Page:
According to Julia, "Eliza, Dan, Jule, and John belonged to me up to the time of President Lincoln's Emancipation Proclamation." Even after that date, Jule continued her service to Julia. In January 1864, Jule, Julia, and Julia's young son Jesse left Nashville for St. Louis. On the trip, Jule left the group. Julia later recalled. "I suppose she feared losing her freedom if she returned to Missouri." According to Julia, Jule married soon afterwards.
Julia seemed to believe that blacks were not fully equal to whites, but she refused to lend any support to white supremacists, including her brother Louis Dent. She strongly encouraged blacks on the White House domestic staff to buy land in the District while it was still cheap, in order to ensure their future financial security. She also decided to greet anyone properly dressed—regardless of race—who attended her afternoon receptions, but never questioned why blacks failed to call on her. The simple answer was that White House security prevented them from doing so.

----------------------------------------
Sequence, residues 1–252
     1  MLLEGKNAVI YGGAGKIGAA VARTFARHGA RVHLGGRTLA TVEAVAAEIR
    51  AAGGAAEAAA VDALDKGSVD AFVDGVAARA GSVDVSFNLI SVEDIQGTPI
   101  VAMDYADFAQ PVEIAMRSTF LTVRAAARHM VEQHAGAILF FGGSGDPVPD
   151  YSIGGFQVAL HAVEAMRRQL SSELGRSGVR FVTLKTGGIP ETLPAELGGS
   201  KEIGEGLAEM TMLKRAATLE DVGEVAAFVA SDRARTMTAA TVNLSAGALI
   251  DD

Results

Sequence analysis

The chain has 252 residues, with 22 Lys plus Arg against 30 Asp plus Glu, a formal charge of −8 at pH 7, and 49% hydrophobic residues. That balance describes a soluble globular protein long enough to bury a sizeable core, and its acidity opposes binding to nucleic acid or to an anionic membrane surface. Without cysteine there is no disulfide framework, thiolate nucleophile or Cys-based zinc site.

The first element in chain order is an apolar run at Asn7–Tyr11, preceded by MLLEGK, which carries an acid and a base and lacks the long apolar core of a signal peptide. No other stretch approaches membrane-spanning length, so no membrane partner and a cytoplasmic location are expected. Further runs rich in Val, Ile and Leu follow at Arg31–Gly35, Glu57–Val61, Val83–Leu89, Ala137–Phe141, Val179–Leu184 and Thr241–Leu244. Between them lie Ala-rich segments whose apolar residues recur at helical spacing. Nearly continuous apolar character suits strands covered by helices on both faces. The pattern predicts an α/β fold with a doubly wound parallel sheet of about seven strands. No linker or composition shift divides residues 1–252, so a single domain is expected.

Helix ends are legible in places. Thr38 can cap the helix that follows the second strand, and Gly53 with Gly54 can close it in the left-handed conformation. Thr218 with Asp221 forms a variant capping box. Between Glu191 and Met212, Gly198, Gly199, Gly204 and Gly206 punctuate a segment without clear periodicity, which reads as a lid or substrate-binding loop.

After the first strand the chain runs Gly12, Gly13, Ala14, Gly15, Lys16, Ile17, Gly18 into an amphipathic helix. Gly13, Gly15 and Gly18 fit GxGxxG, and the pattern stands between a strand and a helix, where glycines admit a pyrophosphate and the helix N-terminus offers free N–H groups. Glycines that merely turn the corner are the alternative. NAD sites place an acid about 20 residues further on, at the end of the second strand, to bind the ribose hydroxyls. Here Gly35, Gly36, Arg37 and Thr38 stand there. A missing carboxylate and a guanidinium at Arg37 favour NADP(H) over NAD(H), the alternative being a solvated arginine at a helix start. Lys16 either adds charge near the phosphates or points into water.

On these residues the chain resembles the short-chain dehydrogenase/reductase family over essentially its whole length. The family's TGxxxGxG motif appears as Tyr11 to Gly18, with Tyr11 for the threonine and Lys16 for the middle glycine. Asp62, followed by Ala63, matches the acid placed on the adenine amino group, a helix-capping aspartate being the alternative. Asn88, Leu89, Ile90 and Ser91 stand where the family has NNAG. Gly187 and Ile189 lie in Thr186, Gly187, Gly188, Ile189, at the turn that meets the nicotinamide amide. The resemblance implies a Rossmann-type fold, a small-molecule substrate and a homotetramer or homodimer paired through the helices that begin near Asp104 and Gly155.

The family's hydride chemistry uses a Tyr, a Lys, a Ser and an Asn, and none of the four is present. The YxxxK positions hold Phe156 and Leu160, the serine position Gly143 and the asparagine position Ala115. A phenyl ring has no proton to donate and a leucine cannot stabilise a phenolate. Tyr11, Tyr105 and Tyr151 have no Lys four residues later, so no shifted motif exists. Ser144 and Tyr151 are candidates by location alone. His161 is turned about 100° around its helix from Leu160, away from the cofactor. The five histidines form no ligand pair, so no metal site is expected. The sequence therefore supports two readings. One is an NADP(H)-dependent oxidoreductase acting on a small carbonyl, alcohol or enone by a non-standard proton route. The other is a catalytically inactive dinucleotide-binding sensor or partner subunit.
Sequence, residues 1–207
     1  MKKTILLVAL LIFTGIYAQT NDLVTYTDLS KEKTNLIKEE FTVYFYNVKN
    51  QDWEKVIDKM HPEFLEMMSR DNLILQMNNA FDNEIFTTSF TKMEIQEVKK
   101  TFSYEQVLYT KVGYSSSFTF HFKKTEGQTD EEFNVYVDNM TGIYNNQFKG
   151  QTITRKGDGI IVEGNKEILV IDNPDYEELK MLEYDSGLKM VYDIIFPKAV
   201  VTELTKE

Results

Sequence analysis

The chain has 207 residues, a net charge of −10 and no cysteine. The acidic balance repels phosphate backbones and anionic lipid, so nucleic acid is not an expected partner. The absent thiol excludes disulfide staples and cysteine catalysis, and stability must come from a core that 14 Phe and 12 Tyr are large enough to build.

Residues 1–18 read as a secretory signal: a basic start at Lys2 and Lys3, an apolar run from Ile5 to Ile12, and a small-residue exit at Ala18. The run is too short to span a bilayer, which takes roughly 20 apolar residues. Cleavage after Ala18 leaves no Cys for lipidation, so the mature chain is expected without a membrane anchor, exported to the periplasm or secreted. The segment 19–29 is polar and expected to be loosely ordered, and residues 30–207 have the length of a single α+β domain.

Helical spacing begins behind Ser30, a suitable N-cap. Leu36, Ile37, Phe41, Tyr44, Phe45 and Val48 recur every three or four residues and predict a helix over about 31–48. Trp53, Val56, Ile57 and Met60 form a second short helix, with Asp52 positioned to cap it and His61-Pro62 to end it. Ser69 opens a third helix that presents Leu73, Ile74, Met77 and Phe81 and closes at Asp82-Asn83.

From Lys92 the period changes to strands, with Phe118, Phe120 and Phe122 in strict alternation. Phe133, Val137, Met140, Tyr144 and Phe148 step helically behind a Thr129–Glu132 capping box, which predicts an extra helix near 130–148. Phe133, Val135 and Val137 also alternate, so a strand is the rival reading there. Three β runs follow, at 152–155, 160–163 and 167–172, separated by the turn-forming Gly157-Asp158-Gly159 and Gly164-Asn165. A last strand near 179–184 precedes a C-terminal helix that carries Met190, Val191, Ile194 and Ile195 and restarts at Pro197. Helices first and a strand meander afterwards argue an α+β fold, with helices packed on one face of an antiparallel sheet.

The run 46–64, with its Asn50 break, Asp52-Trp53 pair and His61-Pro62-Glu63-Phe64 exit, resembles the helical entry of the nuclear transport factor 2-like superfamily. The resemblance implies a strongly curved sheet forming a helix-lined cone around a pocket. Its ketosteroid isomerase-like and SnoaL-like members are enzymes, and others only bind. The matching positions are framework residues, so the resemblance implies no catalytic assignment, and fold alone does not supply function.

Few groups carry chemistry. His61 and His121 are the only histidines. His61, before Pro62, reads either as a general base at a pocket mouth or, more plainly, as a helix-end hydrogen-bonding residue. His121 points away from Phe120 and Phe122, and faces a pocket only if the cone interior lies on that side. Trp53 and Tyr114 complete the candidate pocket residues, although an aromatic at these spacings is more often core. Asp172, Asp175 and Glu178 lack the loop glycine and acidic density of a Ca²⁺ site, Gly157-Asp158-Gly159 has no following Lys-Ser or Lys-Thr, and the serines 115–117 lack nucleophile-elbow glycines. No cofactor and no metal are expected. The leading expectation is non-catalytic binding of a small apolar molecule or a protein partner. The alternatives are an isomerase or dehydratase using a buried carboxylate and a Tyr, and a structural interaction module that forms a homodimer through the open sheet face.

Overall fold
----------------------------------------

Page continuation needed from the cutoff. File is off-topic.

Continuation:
After accompanying her husband on a two-year world tour that took them to Europe, Africa, and Asia, Julia and Ulysses settled in New York City to enjoy their retirement from public life. However, all of their money was lost in an unwise investment scheme, and the Grants were reduced to poverty. Shortly afterward, Ulysses developed the throat cancer that led to his death in 1885. In his dying days, Grant completed his Personal Memoirs, which left Julia and their children financially secure.